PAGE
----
The main results of VKC operation to the beginning of XXI Century are as follows:

  1. Guaranteed navigable depths of about 4,5 m are provided throughout the Volga and Kama Rivers from upstream to the Caspian Sea.

  2. Reducing the threat of floods and droughts are provided by VKC operation with seasonal, weekly, daily regulation.

  3. VKC cheap electricity enters the Russia’s Unified Energy System. VKC generation covers the peak loads in the Unified Energy System of Russia.

  4. Water storage in VKC reservoirs provides sustainable water supply for the cities (population), industry (plants and factories), agriculture and irrigation, recreation and fishery.

  5. Climate changes and water use protocols emphasize that reservoir operation should have flexible structure and scenario concept based on modern scientific and computational achievements.

VKC management and operation improvement is the governmental goal of whole institutes. Authors only may suggest some general vectors to solve main problems of the VKC operation. First - to increase the density of hydrological gauging network in the VKC catchment to have the basis for improvement of the stochastic description of the water inflow. Second - to develop more effective medium and long range hydrological forecasts. Because of problem of water inter annual and long-term temporal distribution these improved forecasting methods should support the decreasing of water losses during flood periods and save it for the deficit periods by dynamical storing it in the VKC. Finally - to develop the legislative basis for new implementation of variable operating rules of water management of the VKC.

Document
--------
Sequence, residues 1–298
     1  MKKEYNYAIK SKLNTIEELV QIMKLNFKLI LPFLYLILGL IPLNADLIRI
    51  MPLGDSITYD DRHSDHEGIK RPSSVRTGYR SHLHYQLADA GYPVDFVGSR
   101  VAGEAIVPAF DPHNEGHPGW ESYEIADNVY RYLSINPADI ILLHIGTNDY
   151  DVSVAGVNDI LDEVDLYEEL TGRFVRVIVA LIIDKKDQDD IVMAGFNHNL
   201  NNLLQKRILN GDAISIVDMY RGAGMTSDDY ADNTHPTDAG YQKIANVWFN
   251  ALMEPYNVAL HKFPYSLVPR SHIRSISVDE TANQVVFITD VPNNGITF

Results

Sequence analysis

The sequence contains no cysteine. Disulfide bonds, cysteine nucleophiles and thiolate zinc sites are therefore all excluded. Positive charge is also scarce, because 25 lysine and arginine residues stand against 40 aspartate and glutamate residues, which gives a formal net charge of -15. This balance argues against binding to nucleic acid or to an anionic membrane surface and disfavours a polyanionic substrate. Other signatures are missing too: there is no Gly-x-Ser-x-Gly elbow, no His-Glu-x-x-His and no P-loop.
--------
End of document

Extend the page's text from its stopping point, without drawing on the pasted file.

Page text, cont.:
The chapter is based on materials and data collected under the State contract #10-GK/FCP-2013 “Water management complex of the Russian Federation in 2012-2020” realized by Zubov State Oceanographic Institute (SOI) with significant contribution of Russian Academy of Science Water Problem Institute (WPI), Kostyakov All-Russian Research Institute for Hydraulic Engieneering and Land Reclamation (VNIIGIM), Caspian Research Institute for fishery, Hydrometeorological Research Center of Russian Federation (Hydrometcenter).


Conflict of interest

The authors declare no conflict of interest.


Notes/thanks/other declarations

Authors are thankful to members of Automated Methods lab in SOI and personally to Igor Zemlyanov (PhD, head for the lab, vice director of the Institute) for the overwhelming support, Aleksander Buber (VNIIGIM), Mikhail Bolgov (WPI) and Vladimir Kryzhov (Hydrometcenter) for consultations.


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Written By

Pavel N. Terskii, Galina S. Ermakova and Olga V. Gorelits

Submitted: 14 May 2021 Reviewed: 13 September 2021 Published: 29 September 2021